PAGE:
An odd (what else?) music video, theatrical trailer, and over 10 minutes of deleted scenes are also included, plus a fascinating commentary with Burton, Landau, writers Scott Alexander and Larry Karaszewski, costume designer Colleen Atwood and cinematographer Stefan Czapsky.
The movie is good fun, stylishly made and atmospherically shot, despite some of the liberties that the filmmakers took with the real events of Ed Wood's life. Still, even on a fanciful level, this is a marvelously entertaining film, with great performances from Johnny Depp as Wood, Landau's Lugosi, and Bill Murray and Jeffrey Jones as two members of the auteur filmmaker's wacky troupe. Essential viewing!
Melissa Sue Anderson plays a seemingly demure student whose friends are murdered -- in increasingly grotesque fashion -- at a Canadian college. Glenn Ford (yes!) plays her psychiatrist, who attempts to help Anderson cope with the trauma that she still suffers from a tragic accident the previous year. Is Anderson responsible for the murders? And, if not, will she find out the culprit before it's too late?
Though the dated soundtrack is snappy and the performances perfectly adequate (Anderson makes for an ideal tortured heroine, and certainly has a great scream), "Happy Birthday to Me" ultimately succumbs to a ridiculous ending that leaves you with a bad taste in the mouth.
Still, genre die-hards might enjoy Columbia's DVD, which sports a solid 1.85 transfer that looks to be in surprisingly good shape considering the picture's age. The mono sound is OK, but the score wouldn't sound too hot no matter what format it's replicated in.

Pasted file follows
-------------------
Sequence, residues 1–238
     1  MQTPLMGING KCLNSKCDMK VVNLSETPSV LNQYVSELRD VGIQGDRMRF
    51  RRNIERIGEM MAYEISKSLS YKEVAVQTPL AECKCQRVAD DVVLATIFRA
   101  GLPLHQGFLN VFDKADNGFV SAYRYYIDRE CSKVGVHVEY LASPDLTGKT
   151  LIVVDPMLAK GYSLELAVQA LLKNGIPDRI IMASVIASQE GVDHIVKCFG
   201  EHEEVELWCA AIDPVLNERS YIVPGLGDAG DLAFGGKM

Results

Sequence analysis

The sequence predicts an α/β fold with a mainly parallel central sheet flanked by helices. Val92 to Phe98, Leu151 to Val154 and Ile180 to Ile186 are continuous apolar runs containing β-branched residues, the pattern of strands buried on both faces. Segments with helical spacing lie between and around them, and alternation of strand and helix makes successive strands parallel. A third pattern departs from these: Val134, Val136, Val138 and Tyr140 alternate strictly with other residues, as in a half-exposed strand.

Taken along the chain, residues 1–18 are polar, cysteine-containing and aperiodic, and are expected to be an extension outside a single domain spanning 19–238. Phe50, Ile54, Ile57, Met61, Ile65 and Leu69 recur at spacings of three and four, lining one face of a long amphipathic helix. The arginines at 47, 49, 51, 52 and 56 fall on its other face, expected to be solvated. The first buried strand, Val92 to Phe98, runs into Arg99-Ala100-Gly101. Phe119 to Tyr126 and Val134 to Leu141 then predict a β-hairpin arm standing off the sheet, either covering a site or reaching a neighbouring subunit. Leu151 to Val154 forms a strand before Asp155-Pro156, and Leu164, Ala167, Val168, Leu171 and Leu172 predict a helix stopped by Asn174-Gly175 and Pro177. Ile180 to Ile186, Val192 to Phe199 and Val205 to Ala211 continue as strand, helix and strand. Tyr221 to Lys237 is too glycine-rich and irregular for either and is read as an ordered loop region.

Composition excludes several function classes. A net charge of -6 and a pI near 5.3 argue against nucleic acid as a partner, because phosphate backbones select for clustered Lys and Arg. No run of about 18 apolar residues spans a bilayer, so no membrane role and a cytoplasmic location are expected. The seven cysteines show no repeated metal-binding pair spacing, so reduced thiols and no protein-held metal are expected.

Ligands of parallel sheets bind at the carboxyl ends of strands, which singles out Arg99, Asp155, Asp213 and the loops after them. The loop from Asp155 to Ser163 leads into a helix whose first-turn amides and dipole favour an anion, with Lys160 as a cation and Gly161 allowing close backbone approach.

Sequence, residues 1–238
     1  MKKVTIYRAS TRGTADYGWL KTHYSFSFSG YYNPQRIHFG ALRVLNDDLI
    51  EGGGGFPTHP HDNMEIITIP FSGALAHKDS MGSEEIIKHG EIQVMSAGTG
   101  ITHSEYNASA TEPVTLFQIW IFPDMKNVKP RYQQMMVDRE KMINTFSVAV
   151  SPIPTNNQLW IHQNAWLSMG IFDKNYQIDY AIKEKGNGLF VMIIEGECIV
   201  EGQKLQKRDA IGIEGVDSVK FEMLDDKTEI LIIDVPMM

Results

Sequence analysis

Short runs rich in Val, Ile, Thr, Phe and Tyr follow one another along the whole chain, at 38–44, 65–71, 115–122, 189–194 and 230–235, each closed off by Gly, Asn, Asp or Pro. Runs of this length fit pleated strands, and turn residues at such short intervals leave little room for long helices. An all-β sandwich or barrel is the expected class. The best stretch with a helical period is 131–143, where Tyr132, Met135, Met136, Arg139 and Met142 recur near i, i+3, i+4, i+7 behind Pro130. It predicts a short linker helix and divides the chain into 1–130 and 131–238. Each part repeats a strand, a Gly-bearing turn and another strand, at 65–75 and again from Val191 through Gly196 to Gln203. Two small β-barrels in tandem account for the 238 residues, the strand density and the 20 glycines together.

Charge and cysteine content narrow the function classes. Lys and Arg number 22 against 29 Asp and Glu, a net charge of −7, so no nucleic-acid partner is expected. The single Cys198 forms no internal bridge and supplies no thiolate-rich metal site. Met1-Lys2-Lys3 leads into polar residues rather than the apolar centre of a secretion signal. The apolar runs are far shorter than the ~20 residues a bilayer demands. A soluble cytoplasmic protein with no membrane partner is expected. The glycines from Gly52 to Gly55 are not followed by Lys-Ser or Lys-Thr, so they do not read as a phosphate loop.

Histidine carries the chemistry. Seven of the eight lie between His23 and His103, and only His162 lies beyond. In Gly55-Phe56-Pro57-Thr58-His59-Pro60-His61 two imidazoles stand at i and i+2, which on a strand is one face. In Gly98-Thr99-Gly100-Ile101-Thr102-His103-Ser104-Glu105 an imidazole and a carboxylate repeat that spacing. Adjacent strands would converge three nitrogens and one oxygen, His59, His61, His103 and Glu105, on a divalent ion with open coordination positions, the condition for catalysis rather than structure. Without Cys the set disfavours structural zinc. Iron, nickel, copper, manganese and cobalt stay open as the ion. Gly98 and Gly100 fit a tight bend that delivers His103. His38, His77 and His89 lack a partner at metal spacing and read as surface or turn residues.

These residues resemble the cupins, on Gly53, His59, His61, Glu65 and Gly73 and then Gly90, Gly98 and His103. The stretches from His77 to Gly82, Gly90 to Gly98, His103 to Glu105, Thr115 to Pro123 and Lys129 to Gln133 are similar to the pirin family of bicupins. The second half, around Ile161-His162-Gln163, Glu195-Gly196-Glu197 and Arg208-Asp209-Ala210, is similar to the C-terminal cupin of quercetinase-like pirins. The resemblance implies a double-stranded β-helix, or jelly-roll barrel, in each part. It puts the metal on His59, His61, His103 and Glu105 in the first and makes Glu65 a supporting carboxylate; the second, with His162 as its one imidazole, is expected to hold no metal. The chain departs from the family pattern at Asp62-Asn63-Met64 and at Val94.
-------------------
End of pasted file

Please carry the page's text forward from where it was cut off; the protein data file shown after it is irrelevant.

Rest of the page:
Mark Dippe directed "Spawn," and despite having a lower budget at his disposal for this made-for-video flick (which debuted on the Sci-Fi Channel just a few weeks ago), "Frankenfish" turns out to be a good deal more entertaining than that jumbled comic- book opus, thanks to pretty adequate CGI special effects (better than most small-screen fare) and a trashy, fast-moving story line. Sure, the first half of the movie is mostly talk and no monster, but when "Frankenfish" finally kicks into gear, the results are a decent view for genre fans pre-disposed to this kind of fluff.
Columbia TriStar's DVD includes an excellent 1.78 widescreen transfer with 5.1 Dolby Digital sound.
Elder brother Keenan Ivory Wayans helmed "White Chicks," which boasts the requisite race/gender shenanigans you might anticipate from the premise, along with a few big laughs and far too much plot. At 115 minutes, the movie rambles on way past its welcome, despite a lot of energy from the two leads and the occasional big gag that actually works.
Columbia TriStar's Unrated Edition DVD, out next week, includes commentary from the Brothers Wayans, along with an Encore "Making Of" special, a look at the make-up effects, featurette on the Wayans, a fine 1.85 Widescreen transfer with a perfectly acceptable 5.1 Dolby Digital soundtrack.